Impudence is the worst of all human diseases. - Euripides
Hundreds of serving military personnel have written to me apologizing that they are not permitted to join our petition to Parliament to restore the royal prefix to the Canadian navy and Canadian air force. Queen's Regulations and Orders says so. Yet Captain Aralt Mac Giolla Chainnigh (formerly Harold Kenny) is allowed to petition the courts to remove the Queen as our Commander-in-Chief, claiming "institutional harrassment".
This perfectly reflects how civilianizing the influence human rights has been on the military in recent years. Because just how in the hell does a Canadian Forces officer with the Queen's Commission, who took an oath faithfully swearing allegiance to Her Majesty, who teaches at the Royal Military College of Canada, carry on an eight year challenge against his Commander-in-Chief, is allowed to even question the central tenet of the Canadian Constitution as a serving officer, even to the point of appealing the decision of the Chief of the Defence Staff (the CDS!) to the Federal Court, without getting thrown out on his ear for disobedience and court martialed for offensively bold behaviour and flagrant disloyalty.
At the very least, if Capt. Chainnigh cannot force himself to toast the Queen over a pint in the Officers Club, the military should send him off to Afghanistan where he may find he has more pressing things to occupy his thoughts. Obviously military officers should not be permitted to carry out their own political vendettas. We can be thankful that a judge has finally put an end to his treasonous shennanigans:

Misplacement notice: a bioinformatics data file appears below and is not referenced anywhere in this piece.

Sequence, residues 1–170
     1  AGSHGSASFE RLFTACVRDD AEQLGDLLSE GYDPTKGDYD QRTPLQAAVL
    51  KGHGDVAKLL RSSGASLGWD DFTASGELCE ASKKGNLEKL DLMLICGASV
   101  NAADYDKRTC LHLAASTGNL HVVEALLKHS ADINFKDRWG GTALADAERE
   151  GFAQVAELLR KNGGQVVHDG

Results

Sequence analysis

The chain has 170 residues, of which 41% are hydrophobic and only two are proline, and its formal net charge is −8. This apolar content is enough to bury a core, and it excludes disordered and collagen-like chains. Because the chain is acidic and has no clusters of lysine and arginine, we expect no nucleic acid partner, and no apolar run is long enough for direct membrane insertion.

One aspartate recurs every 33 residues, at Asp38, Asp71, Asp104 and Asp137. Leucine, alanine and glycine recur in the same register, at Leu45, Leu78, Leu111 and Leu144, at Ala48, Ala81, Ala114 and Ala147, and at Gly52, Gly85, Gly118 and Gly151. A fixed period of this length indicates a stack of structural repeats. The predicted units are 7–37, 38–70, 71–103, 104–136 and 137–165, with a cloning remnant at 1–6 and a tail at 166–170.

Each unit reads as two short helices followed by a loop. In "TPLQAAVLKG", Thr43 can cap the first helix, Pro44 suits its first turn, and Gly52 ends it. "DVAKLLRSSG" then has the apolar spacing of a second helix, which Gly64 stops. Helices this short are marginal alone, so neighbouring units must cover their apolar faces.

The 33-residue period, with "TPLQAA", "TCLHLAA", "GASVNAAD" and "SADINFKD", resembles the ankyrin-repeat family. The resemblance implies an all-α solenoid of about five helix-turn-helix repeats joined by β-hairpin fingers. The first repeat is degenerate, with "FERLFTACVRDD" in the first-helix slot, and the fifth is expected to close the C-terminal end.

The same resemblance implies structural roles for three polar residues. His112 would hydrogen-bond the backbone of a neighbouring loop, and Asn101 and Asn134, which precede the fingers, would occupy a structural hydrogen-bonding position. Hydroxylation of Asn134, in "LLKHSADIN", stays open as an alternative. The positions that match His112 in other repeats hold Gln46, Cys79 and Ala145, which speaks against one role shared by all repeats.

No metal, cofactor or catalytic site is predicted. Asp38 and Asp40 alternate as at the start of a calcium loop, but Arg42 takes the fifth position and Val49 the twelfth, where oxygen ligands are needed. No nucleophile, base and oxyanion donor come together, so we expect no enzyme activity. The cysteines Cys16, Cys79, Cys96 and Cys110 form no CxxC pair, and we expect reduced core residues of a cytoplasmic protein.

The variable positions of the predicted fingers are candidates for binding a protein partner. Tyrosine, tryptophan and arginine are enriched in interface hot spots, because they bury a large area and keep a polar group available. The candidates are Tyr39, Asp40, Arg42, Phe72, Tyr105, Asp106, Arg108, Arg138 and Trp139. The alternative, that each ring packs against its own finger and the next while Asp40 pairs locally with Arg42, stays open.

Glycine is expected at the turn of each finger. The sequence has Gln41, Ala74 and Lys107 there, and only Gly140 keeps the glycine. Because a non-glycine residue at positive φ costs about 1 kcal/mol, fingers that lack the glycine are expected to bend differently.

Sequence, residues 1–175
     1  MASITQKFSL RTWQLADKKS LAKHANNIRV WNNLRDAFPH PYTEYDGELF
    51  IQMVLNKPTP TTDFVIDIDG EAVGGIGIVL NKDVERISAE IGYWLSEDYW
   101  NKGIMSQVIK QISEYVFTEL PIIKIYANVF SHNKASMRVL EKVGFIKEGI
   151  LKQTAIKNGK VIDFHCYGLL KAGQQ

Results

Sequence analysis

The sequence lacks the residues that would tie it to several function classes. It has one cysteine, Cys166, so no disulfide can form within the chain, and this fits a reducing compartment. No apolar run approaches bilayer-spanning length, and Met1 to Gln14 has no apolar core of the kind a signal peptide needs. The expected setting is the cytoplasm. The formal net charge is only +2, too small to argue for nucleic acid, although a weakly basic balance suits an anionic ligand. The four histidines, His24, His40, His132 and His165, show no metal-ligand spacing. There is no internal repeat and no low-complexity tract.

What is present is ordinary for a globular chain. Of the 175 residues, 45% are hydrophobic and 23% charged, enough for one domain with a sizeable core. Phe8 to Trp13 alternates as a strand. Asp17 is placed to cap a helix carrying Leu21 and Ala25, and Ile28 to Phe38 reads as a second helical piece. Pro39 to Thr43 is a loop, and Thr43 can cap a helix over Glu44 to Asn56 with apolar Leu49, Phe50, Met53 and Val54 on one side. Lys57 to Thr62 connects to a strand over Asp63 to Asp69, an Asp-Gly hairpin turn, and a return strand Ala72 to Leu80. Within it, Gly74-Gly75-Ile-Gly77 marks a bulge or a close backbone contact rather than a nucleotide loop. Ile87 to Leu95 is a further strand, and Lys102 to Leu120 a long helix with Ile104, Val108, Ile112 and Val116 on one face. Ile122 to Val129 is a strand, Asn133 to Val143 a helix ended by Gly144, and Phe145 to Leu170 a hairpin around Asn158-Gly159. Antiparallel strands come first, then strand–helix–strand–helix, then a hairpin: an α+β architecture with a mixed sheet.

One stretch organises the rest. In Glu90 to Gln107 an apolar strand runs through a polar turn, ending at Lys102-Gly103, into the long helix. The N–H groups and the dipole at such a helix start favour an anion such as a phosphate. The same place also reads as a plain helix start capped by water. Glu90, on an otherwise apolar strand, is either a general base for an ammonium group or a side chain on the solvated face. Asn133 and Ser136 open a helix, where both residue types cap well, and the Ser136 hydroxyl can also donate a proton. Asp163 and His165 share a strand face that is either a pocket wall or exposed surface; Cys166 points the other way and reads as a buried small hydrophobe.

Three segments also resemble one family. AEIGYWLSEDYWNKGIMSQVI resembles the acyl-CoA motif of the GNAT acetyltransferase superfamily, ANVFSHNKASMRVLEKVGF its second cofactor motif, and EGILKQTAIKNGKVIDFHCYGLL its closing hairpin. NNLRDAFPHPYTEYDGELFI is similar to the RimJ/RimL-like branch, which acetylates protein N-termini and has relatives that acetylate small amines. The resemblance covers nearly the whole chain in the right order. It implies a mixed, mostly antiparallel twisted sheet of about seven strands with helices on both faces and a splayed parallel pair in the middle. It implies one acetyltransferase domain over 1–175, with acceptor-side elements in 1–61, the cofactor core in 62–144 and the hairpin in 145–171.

Officer’s lawsuit against allegiance to Queen dismissed
A member of the Canadian military who launched a court case around his refusal to pledge allegiance to the Queen had his Federal Court application dismissed Monday.Indeed. Let us be done with him. Justice Barnes deserves a firm handshake, a pat on the back, and a pint on the house.
Capt. Aralt Mac Giolla Chainnigh argued that he was subjected to a form of "institutional harassment" by having to pay respect and show loyalty to the Queen or the Union Jack.
He launched a grievance in 2001 with the military which was later rejected by the Chief of Defence Staff Gen. Rick Hillier. He then asked the Federal Court to review Gen. Hillier's decision. In the decision released Monday, Justice R.L. Barnes wrote that the military was "both correct in law and reasonable" to reject his grievance.
"I cannot think of any Canadian institution where an expectation of loyalty and respect for the Queen would be more important than the Canadian Forces," Judge Barnes wrote in the 27-page judgment. "Whether Capt. Mac Giolla Chainnigh likes it or not, the fact is that the Queen is his Commander-in-Chief and Canada's Head of State. A refusal to display loyalty and respect to the Queen where required by Canadian Forces' policy would not only be an expression of profound disrespect and rudeness but it would also represent an unwillingness to adhere to hierarchical and lawful command structures that are fundamental to good discipline."
God Save the Queen!
Cross-posted at The Torch